Hell is an uncomfortable subject to say the least. It is not a perfect motivation for loving God either – He wants us to trust Him as a Father and return to Him, not to merely flee from the fear of eternal torment. Yet “the Church affirms the existence of hell and its eternity [for] those who die in a state of mortal… (Catechism of the Catholic Church, 1035).
Some saints have had visions of hell, which they pass along as warnings to those that might think lightly of eternal rewards. St. John Bosco (also known as Don Bosco) is famous for both his dedication to the salvation of young and troubled boys and for his profound and often prophetic dreams.
In one dream, he finds himself being guided down a lovely road lined with roses. It turns out to be the road to hell. “It was beautiful, wide, and neatly paved,” he describes, “but soon I noticed that it insensibly kept sloping downward,” a symbol of how the wide road to hell captures us with its ease but then intensified “insensibly” (with subtlety) until we are gliding downward with ease. Sin gets easier the more you give in to it.
Don Bosco begins noticing boys getting tripped up in tiny web-like fibers in the road. Later we find out that it was the devil himself is pulling these strings, but what the fibers represented might surprise you. When he asks what they are, his guide answers, “A mere nothing… just plain human respect.” More traps come later that labeled pride, disobedience, lust, and so on, but all of the “serious” sins begin with that little one, “human respect.”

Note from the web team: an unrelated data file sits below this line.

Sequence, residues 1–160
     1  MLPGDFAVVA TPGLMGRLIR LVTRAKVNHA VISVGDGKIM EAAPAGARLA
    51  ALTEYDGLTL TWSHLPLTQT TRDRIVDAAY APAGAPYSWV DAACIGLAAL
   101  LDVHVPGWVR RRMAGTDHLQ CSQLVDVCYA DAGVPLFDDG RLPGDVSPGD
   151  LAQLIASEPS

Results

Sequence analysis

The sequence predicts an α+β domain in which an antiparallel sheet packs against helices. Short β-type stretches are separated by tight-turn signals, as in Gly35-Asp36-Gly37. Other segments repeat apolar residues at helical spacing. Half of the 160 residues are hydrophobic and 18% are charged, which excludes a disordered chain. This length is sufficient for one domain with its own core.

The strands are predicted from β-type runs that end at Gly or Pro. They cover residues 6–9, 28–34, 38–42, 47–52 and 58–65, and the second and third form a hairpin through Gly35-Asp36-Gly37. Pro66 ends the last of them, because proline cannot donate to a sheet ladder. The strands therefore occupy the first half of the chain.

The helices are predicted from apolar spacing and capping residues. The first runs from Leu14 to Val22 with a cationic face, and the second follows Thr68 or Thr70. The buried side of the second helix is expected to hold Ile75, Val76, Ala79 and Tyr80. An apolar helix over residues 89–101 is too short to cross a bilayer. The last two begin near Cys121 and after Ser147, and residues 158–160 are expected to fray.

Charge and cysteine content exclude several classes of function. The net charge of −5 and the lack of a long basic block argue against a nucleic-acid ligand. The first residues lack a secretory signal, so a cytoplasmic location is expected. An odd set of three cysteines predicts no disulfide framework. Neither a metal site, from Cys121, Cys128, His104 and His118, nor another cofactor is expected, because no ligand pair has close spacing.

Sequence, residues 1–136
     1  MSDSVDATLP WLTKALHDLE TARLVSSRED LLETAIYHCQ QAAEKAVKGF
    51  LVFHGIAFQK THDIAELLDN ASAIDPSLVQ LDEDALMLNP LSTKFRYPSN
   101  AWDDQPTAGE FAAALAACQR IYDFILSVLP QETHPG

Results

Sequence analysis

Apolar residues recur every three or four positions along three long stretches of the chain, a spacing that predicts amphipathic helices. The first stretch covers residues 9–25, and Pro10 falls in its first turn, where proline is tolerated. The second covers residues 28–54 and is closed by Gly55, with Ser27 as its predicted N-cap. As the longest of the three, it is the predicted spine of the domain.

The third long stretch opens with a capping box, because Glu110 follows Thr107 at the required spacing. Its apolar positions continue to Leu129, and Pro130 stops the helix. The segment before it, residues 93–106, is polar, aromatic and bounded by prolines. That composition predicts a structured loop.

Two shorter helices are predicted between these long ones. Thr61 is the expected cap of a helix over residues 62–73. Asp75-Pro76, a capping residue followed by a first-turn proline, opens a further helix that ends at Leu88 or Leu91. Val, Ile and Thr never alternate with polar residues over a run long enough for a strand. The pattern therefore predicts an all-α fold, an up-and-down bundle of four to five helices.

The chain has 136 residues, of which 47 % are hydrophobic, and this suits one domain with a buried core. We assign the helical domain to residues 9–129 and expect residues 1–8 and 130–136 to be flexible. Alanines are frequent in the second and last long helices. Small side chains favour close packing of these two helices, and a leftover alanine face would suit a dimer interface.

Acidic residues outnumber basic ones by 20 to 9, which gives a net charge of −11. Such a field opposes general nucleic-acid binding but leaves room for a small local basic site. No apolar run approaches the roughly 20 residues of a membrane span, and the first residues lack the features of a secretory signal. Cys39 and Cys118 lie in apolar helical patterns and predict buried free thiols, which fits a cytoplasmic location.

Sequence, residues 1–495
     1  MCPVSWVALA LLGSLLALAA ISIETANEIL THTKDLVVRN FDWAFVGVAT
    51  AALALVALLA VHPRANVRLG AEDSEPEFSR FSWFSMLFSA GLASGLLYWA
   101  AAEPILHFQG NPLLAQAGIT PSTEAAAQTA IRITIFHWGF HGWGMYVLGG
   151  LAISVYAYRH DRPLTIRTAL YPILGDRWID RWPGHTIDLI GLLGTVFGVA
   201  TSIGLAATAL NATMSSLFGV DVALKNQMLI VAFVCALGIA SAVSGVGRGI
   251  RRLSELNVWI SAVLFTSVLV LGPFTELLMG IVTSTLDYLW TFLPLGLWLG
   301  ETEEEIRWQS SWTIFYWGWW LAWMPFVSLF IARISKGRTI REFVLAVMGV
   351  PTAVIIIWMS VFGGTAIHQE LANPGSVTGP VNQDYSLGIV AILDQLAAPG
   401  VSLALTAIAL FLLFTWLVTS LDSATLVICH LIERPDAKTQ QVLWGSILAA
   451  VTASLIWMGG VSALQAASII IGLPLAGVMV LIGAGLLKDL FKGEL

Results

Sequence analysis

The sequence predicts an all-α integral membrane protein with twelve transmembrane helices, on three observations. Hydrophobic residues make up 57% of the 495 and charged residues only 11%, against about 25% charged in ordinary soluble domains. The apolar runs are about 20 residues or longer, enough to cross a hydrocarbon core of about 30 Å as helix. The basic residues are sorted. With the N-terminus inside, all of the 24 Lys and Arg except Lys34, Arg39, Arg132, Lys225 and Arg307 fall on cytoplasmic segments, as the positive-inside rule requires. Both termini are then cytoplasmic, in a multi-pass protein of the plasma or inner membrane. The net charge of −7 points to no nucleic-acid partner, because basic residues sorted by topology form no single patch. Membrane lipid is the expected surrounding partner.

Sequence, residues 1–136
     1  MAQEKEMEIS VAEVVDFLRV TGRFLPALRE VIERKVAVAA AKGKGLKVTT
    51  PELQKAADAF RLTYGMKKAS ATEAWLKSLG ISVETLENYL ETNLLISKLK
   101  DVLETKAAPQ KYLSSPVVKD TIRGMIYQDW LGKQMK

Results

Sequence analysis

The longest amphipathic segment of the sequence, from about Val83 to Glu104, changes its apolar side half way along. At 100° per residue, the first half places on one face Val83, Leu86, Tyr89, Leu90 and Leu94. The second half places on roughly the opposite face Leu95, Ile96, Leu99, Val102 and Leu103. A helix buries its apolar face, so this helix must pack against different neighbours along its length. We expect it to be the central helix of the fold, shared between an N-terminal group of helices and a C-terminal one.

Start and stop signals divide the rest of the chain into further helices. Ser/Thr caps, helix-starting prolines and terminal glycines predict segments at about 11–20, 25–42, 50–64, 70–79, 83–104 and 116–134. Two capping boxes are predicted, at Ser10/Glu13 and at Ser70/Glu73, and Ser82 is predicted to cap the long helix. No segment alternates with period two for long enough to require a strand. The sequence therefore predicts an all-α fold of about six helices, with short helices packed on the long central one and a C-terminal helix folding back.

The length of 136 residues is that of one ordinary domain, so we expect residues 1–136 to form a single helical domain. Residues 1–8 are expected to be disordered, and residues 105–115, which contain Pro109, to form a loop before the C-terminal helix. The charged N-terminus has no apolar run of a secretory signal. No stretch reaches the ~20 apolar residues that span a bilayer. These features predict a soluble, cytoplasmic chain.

Why the danger? When we fully embrace who we are as sons of God, it puts us necessarily and definitely in opposition to the ways of the world. Simply put, we are called to love the world, but to live differently from it. This will mean that we for sure will lose human respect, because the world will be annoyed that we treasure different things than it does. Sin wants company, and disdains the saint. Jesus assured us of this tension, but comforts us too:
Blessed are you, when men revile you, and persecute you, and speak all manner of evil against you falsely, because of me. Be glad and light-hearted, for a rich reward awaits you in heaven; so it was they persecuted the prophets who went before you (Matthew 5:11-12, Knox).
If you begin to slowly desire human respect, and then try to get it, this means that you will begin acting in ways opposed to Gods ways. This is why it was the first trap from hell that Don Bosco encountered, because it is so often the first place we “trip up”. This explains many of our own actions, but also the actions behind the scandals in the episcopate. I cannot help but notice that Bishops often speak better to the press than to their people, messages crafted meticulously to gain respect and not bring conversion.
Brothers, remember what awaits you for following Jesus – “a rich reward”. And, along with that, remember the warning from Don Bosco’s dream of the “reward” that human respect will win you. And as you grow in Christ, the loss of human respect can even be a sign of God’s blessing. “Your lot will be a blessed one, if you are reproached for the name of Christ; it means that the virtue of God’s honour and glory and power, it means that his own Spirit, is resting upon you” (1 Peter 4:14, Knox).